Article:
Use a reward that actually works

Yes, Chocolate

I was going to be even handed and talk about different foods you could reward yourself with but let's face it, we all know that nothing's going to beat chocolate...

You see, rewards really work.  I guess they’re the oldest behavioural trick in the book.  Or maybe the stick came first, but rewards are much nicer and they’re pretty tried and tested.

The only question is what’s the prize?  Yes, ultimately the reward will be all the weight you’ve lost.  But we all know that can feel a long way off.  So next there’s the reward of seeing the weight lost when you step on the scales each day, and that’s great, especially when you mark it up onto your chart.  But even with the best behaviour there are always times when it doesn't seem to respond.  And, if we’re honest, what we really want is something more of a physical pleasure; a treat.

Diet writers often suggest that you reward yourself with all sorts of things (a day at a spa, new clothes, shoes - it’s often shoes) but I’m not sure that any of these things really work.  We all know that the thing we really want is the thing we’re missing most on a diet: a big lump of something sweet and sticky.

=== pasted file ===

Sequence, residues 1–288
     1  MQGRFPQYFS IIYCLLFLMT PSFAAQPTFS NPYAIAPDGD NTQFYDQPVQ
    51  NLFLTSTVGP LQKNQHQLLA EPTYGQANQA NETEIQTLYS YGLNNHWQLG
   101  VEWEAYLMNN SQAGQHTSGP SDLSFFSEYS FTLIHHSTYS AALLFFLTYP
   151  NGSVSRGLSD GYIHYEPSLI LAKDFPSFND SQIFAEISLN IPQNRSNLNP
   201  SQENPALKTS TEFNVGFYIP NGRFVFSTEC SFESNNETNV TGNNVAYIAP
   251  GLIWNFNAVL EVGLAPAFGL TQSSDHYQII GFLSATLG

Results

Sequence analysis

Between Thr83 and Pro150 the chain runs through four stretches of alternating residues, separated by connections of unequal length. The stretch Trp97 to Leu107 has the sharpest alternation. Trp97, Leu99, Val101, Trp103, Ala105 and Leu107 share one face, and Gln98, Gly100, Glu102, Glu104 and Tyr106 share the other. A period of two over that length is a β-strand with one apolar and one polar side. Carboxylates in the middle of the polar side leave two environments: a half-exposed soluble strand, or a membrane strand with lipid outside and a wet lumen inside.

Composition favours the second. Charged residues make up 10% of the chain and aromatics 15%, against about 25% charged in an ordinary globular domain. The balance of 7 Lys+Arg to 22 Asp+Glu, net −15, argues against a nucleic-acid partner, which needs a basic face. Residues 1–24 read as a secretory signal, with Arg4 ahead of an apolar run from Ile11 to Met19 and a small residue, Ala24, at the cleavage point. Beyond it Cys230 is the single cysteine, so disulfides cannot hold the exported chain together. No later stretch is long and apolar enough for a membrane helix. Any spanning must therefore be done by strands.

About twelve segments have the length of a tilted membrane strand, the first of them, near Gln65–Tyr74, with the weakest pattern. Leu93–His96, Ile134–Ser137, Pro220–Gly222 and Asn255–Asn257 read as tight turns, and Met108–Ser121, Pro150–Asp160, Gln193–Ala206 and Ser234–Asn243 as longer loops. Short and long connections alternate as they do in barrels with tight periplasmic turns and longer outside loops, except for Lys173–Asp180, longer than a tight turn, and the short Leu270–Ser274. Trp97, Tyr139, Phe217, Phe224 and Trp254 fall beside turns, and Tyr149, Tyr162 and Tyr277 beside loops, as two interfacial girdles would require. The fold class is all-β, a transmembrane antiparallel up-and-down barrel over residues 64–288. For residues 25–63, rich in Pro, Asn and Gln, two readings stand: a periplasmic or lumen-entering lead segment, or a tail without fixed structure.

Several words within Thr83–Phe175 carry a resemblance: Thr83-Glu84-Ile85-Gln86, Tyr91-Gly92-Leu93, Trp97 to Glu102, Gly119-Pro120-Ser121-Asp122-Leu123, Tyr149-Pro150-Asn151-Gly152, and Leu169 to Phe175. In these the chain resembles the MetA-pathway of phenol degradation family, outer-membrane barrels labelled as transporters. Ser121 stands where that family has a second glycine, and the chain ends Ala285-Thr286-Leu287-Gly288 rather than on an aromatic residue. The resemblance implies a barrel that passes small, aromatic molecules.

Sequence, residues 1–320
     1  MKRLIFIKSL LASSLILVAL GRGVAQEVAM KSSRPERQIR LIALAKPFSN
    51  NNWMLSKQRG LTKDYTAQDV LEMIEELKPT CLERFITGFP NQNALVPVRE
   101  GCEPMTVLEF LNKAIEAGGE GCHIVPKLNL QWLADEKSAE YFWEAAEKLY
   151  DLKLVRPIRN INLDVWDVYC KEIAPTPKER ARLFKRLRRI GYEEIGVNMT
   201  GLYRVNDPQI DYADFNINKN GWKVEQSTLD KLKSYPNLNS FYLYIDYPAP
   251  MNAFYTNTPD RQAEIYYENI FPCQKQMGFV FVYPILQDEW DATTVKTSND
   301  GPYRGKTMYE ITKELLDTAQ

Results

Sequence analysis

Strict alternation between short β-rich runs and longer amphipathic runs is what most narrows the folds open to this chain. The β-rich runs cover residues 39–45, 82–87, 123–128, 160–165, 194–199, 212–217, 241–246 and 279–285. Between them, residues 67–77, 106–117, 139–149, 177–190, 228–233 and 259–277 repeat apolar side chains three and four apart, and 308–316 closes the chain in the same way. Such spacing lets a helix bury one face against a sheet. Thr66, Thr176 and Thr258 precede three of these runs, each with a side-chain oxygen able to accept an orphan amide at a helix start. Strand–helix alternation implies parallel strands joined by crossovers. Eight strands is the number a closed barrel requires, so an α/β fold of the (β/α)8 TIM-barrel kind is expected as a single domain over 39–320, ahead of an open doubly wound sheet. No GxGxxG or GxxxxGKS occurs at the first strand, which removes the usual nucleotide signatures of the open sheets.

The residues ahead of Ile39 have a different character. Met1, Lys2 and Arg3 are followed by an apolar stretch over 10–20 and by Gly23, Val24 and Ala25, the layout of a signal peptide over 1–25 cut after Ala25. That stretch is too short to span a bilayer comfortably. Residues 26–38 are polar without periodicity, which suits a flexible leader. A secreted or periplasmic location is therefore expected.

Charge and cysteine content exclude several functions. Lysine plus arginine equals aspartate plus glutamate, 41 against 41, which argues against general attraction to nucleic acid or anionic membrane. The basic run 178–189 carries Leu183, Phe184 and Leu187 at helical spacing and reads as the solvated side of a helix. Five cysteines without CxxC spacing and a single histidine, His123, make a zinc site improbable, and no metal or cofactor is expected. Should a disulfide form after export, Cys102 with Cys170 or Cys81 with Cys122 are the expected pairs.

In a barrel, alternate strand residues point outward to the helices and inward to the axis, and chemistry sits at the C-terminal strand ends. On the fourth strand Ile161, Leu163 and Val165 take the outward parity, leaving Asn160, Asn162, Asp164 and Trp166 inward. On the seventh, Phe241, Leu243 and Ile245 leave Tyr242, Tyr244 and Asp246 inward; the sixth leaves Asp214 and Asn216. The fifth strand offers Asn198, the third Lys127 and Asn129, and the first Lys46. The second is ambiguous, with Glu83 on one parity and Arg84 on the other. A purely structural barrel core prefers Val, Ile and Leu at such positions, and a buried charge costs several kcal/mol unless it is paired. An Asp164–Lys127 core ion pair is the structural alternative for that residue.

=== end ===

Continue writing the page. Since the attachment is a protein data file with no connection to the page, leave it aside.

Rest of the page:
When you want a donut, you just want a donut. 

It’s down to Amy again. You might love new shoes, but they’re not donuts.  Amy’s programming operates at a fundamentally more basic level than our appreciation of nice clothes.  And the motivations are strictly non-transferable.

The instant, mouth-filling fix we’re looking for as a reward from food just can’t be substituted.  Food is a basic, human gratification and trying to deny it, or substitute it, is doomed to failure - and not without a fair bit of hardship on the way. 

But what kind of diet would recommend that you reward yourself with exactly the kind of thing you’re trying to cut out?  Duh.  For a start you’re going to be eating a bunch of empty calories.

But it might be worse than that.   What’s to stop one little reward becoming two?  Once you’ve broken the principle behind your diet, then what do you follow anymore?  Can you be on the ‘Paleo-except-when-cavemen-popped-into-Greggs-for-a-cheese-slice' diet?